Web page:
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I purposely try to steer away from articles on politics, social ills or a myriad of other “sensitive” issues plaguing our society. I’d rather write about interesting news items and, in doing so, hopefully provide some humor instead of the more serious stuff. I’ll let the Tribunes, Gazettes and Journals take care of that serious “world-wide” news.

Nonetheless, some of the things I come across are troubling to me. And it should be a cause of concern for not just me — and call me and old “fuddy-duddy” if you wish — but it should also bother parents and teenagers, as well.

The newspaper business receives a lot of information from all the local law enforcement agencies pretty much on a daily basis. The information is pretty revealing, and some of it at times is pretty scary.  

Teen alcohol consumption and the newest fad, vaping, in this country are staggering. We’re not talking about a few isolated instances when the kids pilfer a couple of Dad’s beers and a cigar or a few cigs and go whoop it up out in the country. We’re talking about a cancerous social ill that has epidemic proportions.

Give me the dickens if you want, but I think the fault rests with the parents. They need to start the treatment at home and do whatever is necessary to keep the boys and the girls from the booze and the smoke, be it from cigars, cigarettes or a vaping device.

Before anyone labels me as one of those dreaded “Doo-Gooder” types that I sometimes mention, I don’t have the slightest problem at all with legal, responsible drinking or smoking. Nor am I — or ever have been, for that matter — a member of AA and just saying all this to preach their cause. I am a former alcoholic and heavy smoker. Nowadays I’m an old guy who has been off the booze for 25 years and off the two-packs-a-day habit for nearly nine years.

The National Center on Addiction and Substance Abuse at Columbia University has reported that nearly a third of all high school students say they binge drink at least once a month. And, if you think it doesn’t happen around here in small-town America, you’re wrong. The facts are not bounded by gender, nor are they socio-economically biased. The percentage of “vapers” is even higher than a third.

As parents, we need to teach the youngsters that just because something is socially acceptable, it doesn’t mean it’s permissible or “good” or fun. It might sound stupid, but perhaps we need to take a more simplistic approach and lock up the booze at home.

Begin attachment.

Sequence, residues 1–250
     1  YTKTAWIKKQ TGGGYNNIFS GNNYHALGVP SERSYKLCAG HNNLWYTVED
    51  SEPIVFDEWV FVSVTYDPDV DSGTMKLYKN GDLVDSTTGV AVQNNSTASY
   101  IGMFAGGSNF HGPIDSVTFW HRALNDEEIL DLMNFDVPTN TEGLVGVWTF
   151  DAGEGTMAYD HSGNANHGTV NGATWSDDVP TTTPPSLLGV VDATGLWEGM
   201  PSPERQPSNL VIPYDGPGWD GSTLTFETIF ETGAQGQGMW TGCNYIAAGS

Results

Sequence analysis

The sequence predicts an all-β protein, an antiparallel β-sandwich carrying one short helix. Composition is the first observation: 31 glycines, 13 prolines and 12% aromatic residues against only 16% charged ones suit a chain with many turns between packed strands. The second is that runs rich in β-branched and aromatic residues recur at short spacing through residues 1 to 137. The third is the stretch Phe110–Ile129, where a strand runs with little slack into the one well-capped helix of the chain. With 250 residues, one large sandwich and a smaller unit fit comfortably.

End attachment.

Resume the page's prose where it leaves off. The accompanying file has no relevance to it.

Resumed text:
Another step would be much harsher penalties for the legal-aged fools who buy the alcohol for the young people. And don’t fault the bar keep. They don’t know whom the fool is that he or she is buying for.

The bottom line is that parents need to be aware, and they need to do something about it at home because, as I’m fond of saying, “It all starts at home.”

Young Americans lost

According to the National Geographic Society, Americans between the ages of 18 and 24 are miserably lacking in basic geography skills. In a recent study, only about 13 percent could find Iraq or Iran on a map. Although 58 percent were correct in knowing the Taliban and al-Qaida were based in Afghanistan, only 17 percent could pinpoint Afghanistan on a map.

Even worse, among the nine countries involved in the study, the U.S. ranked eighth in overall geographic skills. To their credit, 89 percent of the Americans could find their own country on a map. Which really isn’t too encouraging when you know that 11 percent can’t. Somewhere out here, 11 percent of Americans between the ages of 18 and 24 don’t know where they are.

“National Geographic is convening an international panel of policy makers and business and media leaders to find ways to improve geographic education and to encourage interest in world affairs.” So said the National Geographic Society.

Other than another meeting or panel, why don’t members of the push to put geography back in the classroom?

John Fahey, the president of National Geographic, said: “If our young people can’t find places on a map and lack awareness of current events, how can they understand the world’s cultural, economic and natural resource issues that confronts us?”

Quick answer, John: They don’t.

Geography needs to be back in school, so the kids can find their home.

Art Jones is the former publisher of The Lone Tree Leader in Onarga. He writes a regular column for the Ford County Record about pretty much anything on his mind. He can be reached at


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